Kundu et al. conducted a 13-year retrospective study (2005–2017) to describe the clinicopathologic spectrum of XGP. This author described forty cases of XGP and reported diffuse renal parenchymal involvement in the majority of patients (77.5%) and a high rate (90%) of nephrolithiasis. Furthermore, in their series, these authors identified 5% of coexisting renal cell carcinomas in the same kidney [13]. In our case series, we found a nephrolithiasis rate of 77.8% and only one patient presented with concomitant renal cell carcinoma (3.7%).

Based on published cases, the characteristics of our series are similar to those that have been previously reported.

Computed tomography is the mainstay of diagnostic imaging for xanthogranulomatous pyelonephritis. Eastham et al. retrospectively reviewed all medical records, including radiographic materials, of 27 patients with a pathologic diagnosis of XGP and reported an accuracy of 87% for CT scans for the preoperative diagnosis of XGP. CT accurately defined the extent of the perinephric inflammatory reaction [14]. According to Malek and Elder’s radiological classification, XGP can be subdivided into 3 stages on the basis of the extent of involvement of the adjacent tissue [15]: stage I, nephric disease confined to the kidney; stage II, infiltration into the Gerota fascia; and stage III, disease extending into adjacent perinephric space and other retroperitoneal structures (Fig. 2) [16].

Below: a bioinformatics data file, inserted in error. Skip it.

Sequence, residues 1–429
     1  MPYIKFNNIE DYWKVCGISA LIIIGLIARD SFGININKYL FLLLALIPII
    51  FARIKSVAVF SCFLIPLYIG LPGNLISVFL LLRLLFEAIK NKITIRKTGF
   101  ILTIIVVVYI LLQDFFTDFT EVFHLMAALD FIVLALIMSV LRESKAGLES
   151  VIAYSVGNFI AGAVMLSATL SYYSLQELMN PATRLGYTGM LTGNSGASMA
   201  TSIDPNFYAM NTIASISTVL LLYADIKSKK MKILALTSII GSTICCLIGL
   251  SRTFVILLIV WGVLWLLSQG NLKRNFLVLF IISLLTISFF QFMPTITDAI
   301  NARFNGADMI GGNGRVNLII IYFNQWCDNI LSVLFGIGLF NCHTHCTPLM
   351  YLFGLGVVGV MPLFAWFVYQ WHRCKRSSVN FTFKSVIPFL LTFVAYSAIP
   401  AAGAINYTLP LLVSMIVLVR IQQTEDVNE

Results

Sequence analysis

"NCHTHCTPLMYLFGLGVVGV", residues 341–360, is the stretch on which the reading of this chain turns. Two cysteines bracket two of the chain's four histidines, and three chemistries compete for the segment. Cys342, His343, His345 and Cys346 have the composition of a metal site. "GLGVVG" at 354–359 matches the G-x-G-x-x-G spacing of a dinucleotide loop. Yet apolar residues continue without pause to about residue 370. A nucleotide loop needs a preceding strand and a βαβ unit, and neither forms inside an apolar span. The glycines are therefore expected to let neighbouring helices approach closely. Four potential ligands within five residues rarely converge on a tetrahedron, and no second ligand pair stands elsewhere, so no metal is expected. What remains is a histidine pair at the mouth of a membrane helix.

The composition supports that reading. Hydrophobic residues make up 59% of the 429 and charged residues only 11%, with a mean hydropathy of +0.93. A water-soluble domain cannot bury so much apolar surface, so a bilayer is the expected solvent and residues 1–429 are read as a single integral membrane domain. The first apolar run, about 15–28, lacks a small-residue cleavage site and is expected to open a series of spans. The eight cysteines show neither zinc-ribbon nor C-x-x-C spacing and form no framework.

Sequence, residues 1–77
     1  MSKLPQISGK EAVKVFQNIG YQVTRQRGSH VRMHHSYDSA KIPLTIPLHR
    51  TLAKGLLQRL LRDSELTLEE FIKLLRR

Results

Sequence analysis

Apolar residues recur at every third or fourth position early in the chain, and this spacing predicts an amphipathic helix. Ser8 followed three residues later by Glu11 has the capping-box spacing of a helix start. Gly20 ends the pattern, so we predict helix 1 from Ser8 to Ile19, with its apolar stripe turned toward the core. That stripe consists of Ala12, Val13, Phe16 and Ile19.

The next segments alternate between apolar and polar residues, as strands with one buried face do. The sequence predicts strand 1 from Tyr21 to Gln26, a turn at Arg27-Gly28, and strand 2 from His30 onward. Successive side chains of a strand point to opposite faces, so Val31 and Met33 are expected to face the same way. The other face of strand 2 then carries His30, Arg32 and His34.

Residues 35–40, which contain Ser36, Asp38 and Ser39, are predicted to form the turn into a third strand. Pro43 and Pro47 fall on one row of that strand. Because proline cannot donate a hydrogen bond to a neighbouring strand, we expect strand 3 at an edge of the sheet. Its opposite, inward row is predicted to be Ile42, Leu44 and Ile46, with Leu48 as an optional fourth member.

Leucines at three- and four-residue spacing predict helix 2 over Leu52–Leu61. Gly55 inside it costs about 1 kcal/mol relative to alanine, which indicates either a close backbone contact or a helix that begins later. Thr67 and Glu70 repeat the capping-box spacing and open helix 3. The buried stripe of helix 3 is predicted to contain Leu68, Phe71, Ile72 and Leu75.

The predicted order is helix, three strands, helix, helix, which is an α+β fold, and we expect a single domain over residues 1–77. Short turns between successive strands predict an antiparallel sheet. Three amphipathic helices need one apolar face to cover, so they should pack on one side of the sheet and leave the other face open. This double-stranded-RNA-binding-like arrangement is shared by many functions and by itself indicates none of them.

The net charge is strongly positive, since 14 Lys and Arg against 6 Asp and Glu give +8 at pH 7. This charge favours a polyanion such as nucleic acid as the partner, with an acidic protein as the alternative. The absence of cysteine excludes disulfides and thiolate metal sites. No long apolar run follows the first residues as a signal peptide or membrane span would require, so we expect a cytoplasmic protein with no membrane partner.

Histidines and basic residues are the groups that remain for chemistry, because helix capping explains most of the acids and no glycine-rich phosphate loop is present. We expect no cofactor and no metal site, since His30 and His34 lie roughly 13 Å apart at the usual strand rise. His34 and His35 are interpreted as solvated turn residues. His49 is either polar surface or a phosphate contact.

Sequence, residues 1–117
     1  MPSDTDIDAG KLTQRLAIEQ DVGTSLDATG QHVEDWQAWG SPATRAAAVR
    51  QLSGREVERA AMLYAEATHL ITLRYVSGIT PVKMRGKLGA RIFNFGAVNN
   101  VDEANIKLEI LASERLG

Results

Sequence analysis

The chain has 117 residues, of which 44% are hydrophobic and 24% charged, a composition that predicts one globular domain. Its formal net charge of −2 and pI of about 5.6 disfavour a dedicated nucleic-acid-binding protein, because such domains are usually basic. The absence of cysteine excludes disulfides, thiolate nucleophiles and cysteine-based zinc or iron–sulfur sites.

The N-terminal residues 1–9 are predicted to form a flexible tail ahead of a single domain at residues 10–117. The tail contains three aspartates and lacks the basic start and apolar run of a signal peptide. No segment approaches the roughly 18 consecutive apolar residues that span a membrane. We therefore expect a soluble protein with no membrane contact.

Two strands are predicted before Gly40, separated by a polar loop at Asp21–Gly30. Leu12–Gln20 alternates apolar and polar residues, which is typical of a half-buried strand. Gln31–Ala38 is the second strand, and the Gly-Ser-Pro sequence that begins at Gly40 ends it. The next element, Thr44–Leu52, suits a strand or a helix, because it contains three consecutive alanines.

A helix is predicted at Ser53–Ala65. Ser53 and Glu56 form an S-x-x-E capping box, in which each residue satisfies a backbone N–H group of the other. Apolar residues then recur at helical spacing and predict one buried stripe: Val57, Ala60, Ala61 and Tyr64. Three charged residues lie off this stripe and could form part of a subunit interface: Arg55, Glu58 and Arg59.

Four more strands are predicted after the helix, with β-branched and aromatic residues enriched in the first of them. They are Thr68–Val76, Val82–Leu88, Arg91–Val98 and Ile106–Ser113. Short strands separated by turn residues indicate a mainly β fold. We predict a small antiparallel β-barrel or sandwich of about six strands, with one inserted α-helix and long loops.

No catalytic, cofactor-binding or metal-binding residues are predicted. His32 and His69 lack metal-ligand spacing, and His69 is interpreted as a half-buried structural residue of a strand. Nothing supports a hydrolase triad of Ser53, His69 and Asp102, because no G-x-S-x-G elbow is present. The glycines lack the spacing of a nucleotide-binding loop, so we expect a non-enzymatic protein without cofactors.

Fig. 2
figure2

Axial CT scan images demonstrate obstructing left pelvic staghorn stone with associated grade IV hydronephrosis (Malek I) (a) and retroperitoneal collections surrounding the right kidney with a renal pelvic calculus (Malek III) (b)

There are scarce data on antibiotic treatment used in XGP. It has been reported that one-third of patients have sterile urine and one-fourth have mixed growth in urine culture. The most frequent microorganisms isolated in urine culture are P. mirabilis, followed by E. coli. In the study of Dwivedi et al., these microorganisms were isolated in 23% and 11.5% of cases, respectively [7].